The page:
Sunday, 18 November 2007

Midnight Horror!

I have often come across this interesting tree with its clusters of big long pods which rattles in the wind when dry but haven’t known its name until quite recently. And I used to just think of it as the Rattle Tree.

It came as a surprise that it’s actually called the Midnight Horror, the Tree of Damocles or Broken Bones Tree all of which suggest a sinister character of the plant. The first and third names rather baffle me, while the second name clearly alludes to the pods which look like big hanging swords like the one that supposedly hung over Damocles.

On googling for Midnight Horror, the explanation that nocturnal travellers passing by the tree were often startled when they looked upwards and saw what seems to be swords pointing down at them seems rather weak, some explained the pods looked like vultures with drooping wings. The white winged seeds which floats to the ground on ripening are said to resemble broken bones, thus the other name. My own experience is that people passing by a tree with ripe pods especially at night would certainly be alarmed when a sudden gust of wind causes the pods to make a loud rattling sound.

(Photo: The winged white seeds look like graceful butterflies when they float down to the ground.)

Menacing names aside this tree is in fact a beneficial tree whose bark and seeds are used for alleviating pain and counteracting inflammations and fever in Oriental medicine.The Chinese thus have a beautiful name – mu hu die or Tree Butterfly (木蝴蝶) for this herbal plant.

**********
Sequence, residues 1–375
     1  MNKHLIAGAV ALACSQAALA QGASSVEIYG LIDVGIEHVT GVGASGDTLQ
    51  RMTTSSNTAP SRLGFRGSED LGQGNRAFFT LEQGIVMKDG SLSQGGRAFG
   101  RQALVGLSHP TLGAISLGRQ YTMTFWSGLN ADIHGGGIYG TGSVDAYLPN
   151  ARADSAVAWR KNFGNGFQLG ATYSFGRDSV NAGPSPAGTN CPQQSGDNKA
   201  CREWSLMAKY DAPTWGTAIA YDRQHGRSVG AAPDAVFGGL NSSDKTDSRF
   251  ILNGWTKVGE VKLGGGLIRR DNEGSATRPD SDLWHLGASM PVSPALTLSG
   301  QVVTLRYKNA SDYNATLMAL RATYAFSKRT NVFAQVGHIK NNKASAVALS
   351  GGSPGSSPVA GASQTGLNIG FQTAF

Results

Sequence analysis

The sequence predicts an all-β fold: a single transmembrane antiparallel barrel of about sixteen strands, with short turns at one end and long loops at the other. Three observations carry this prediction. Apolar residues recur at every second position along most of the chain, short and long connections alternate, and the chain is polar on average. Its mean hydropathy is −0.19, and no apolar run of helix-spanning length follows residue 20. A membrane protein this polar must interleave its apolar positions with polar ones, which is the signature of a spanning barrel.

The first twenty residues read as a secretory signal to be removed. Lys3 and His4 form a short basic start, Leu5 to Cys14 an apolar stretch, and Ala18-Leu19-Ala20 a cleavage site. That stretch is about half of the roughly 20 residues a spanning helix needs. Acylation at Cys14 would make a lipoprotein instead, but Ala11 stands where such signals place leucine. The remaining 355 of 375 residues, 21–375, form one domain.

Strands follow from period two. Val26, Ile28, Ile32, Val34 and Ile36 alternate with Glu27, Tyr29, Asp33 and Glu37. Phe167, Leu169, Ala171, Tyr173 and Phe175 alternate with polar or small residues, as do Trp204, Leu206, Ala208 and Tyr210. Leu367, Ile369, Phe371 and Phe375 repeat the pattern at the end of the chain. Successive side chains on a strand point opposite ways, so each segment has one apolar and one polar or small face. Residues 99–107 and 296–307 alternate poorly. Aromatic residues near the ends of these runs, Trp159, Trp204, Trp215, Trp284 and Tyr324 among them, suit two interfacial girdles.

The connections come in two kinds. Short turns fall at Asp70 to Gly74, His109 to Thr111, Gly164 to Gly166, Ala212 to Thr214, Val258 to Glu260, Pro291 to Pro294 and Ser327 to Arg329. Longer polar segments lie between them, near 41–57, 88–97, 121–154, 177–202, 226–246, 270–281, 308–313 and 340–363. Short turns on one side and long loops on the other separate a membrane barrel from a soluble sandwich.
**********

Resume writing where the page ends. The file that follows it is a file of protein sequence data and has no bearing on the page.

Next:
The scientific name of this quite common tree is Oroxylum indicum (Family: Bignoniaceae). It has a big natural range, being found in China, India, Burma, Vietnam, Cambodia, Thailand, Malaysia, Philippines and Indonesia.

This is my favourite photo of this tree with a conveniently perched Wallace's Hawk-eagle as an indication of the size of the pods.

Here's the original story of Damocles' Sword, in its original language....
Quamquam hic quidem tyrannus ipse iudicavit, quam esset beatus. Nam cum quidam ex eius adsentatoribus, Damocles, commemoraret in sermone copias eius, opes, maiestatem.... OK, OK, here it is in English:

Dionysius was a fourth century B.C. tyrant of Syracuse. To all appearances he was very rich and comfortable, with all the luxuries money could buy, tasteful clothing and jewelry, and delectable food. He even had court flatterers (adsentatores) to inflate his ego. One of these ingratiators was the court sycophant Damocles. Damocles used to make comments to the king about his wealth and luxurious life. One day when Damocles complimented the tyrant on his abundance and power, Dionysius turned to Damocles and said, "If you think I'm so lucky, how would you like to try out my life?"

Damocles readily agreed, and so Dionysius ordered everything to be prepared for Damocles to experience what life as Dionysius was like.

Damocles was enjoying himself immensely until he noticed a sharp sword hovering over his head, which was suspended from the ceiling by a horse hair. This, the tyrant explained to Damocles, was what life as ruler was really like.

Damocles, alarmed and quickly revising his idea of what made up a good life, asked to be excused. He then eagerly returned to his poorer, but safer life.

Quoted from this website:

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